Svart Records Roundup: Superfjord, Skepticism & Throat
Dive in for three very different records from one the bestest record labels of our times.
Superfjord – All Will Be Golden
September 21st | McNultycore
On their second album, Superfjord takes their sound to the next level. Their instrumental prog rock flails between the meditative qualities of Spiritualized and the jazz-influenced outlook of caravan and the Canterbury Scene, but where on It Is Dark, But I have This Jewel the Coltrane cover lead to find his influence, on All Will Be Golden this seems to have been exchanged into Zappaisms – mayhaps courtesy of last year’s Peaches en Regalia -single. Hints of psychedelic britpop lie on top of their concoction and airy, bright lead guitars and percussion sturdify the sound not entirely dissimilar to earlier Santana, while the wind instruments deepen the sound. All Will Be Golden isn’t strictly speaking an instrumental album anymore, as harmonic chants and refrains are utilized as vocals, adding yet another layer to their now very contemplative approach. Neither the synth-whistling progpop nor the end-half’s hypnotic journey eastward are the kind of music that I spend much time with, but I have found myself greatly enjoying this record – even if it often tends to drift into the background.
Skepticism – Stormcrowfleet
October 26th | Funeral Doom
Best known as one of the very first Funeral doom bands, Skepticism has been in the game for quite a time and their classic debut, Stormcrowfleet has been waiting to be re-released for what seems like an eternity, in addition it’s also been remastered. As this new edition of Stormcrowfleet is slightly longer than the original – it adds the original acoustic introduction to “The Gallant Crow” cut from the original release – first instinct would be the rate it even better than the original. However, whereas the original mix saw the muddied guitars warped towards a lasersludge sound that always drew comparison to Thergothon in my mind, the new remaster brings them up to the surface and occasionally offers brief glimpses into their thinness. Likewise the loud and clear organs now sound more akin to Ordeal than the originals. It took me a good few spins to even get used to the new sound and a few more to like it but in the end I do think it’s a good, alternative sound for the record. Mostly unnecessary though, as it doesn’t really seem to reveal any new elements from the music or add anything to a classic record, if, on the other hand, don’t much detract it either – the complaints about ambiguity in it’s mix have always been more bickering than reasonable. I wouldn’t necessarily recommend Stromcrowfleet as an album to someone who wasn’t at least a little into funeral doom already though, as it offers little else than an endless, atmospheric trudge through heaviest of waters, with only the unending howl of the organs to guide you. A masterpiece in it’s own right, to this day hardly ever has it been surpassed.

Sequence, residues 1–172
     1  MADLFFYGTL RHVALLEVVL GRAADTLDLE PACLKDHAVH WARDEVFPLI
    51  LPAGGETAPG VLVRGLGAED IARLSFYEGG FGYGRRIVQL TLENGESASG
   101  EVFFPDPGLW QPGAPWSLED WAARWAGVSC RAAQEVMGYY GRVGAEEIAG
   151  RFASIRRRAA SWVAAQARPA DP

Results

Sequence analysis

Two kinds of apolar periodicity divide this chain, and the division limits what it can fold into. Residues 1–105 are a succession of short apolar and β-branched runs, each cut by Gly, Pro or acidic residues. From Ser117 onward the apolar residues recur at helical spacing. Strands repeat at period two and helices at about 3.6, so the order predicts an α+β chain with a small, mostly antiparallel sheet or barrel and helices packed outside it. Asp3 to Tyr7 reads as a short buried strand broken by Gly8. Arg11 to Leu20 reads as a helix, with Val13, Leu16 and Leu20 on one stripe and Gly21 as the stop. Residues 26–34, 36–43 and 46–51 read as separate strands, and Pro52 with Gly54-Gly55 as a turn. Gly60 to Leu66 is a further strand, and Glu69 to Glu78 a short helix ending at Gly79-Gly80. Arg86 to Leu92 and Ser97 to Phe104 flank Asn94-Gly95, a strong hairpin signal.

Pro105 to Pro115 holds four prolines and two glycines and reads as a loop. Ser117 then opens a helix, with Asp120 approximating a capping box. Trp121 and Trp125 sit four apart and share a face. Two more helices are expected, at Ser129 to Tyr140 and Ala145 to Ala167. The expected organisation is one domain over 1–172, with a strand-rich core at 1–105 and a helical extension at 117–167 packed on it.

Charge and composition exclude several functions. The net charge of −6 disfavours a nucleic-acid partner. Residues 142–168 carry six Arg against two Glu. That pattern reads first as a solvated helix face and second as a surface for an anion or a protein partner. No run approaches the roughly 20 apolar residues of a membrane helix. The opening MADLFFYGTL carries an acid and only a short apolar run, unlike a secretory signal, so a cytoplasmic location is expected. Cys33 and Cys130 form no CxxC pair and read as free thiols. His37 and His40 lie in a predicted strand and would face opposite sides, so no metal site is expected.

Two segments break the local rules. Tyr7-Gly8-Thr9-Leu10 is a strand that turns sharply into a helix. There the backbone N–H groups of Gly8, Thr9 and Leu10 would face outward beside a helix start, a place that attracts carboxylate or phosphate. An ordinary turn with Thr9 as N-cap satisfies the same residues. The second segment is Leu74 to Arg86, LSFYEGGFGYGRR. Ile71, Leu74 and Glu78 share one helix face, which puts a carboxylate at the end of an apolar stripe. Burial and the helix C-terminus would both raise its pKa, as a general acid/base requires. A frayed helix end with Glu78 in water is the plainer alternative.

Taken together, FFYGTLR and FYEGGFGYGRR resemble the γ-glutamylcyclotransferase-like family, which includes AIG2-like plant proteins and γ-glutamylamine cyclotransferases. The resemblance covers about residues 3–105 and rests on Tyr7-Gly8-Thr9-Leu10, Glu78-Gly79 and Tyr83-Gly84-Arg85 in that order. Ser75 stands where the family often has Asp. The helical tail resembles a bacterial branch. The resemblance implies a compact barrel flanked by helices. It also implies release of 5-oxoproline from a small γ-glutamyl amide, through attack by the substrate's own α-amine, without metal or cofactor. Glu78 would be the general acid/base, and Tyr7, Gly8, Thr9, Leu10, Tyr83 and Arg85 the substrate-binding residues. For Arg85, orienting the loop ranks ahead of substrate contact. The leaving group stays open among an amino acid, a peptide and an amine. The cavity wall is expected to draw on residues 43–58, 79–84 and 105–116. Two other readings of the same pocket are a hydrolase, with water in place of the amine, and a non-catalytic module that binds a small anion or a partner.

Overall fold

Throat – Bareback
August 30th | Noise-Ass Rock
Though Throat has released several smaller releases, Bareback is only their second full-length album. And if All Will Be Golden was music pleasant to listen to, even if you were not a fan of the style then Bareback will hardly be a pleasant experience, even for fans. The long, calm opening of “Safe Unsound” lulls into a false comfort, as the vocalist channels Vulture Indutries’ Bjornar Nilsen, albeit with far more restraint, by the end, however, the entire song has become enveloped in the clang of metallic sheets coiling into each other. Occasionally flirting with early Neurosis, elsewhere pulling from Circle, even the most straightforward and typical rockers – “No Hard Shoulders”, “Recut” or personal favourite “Bone Strike” are hardly direct, easy or typical of anything else than Throat’s sense of style and the album is actually divided in two by the industrial noise of “Shortage” where the band seems to recall the harsher hours of Coil. Despite occasionally feeling like they’ve patched the songs together from a little too wide a variety of influences, Bareback is thoroughly captivating, and some of the best noise rock from the last few years.
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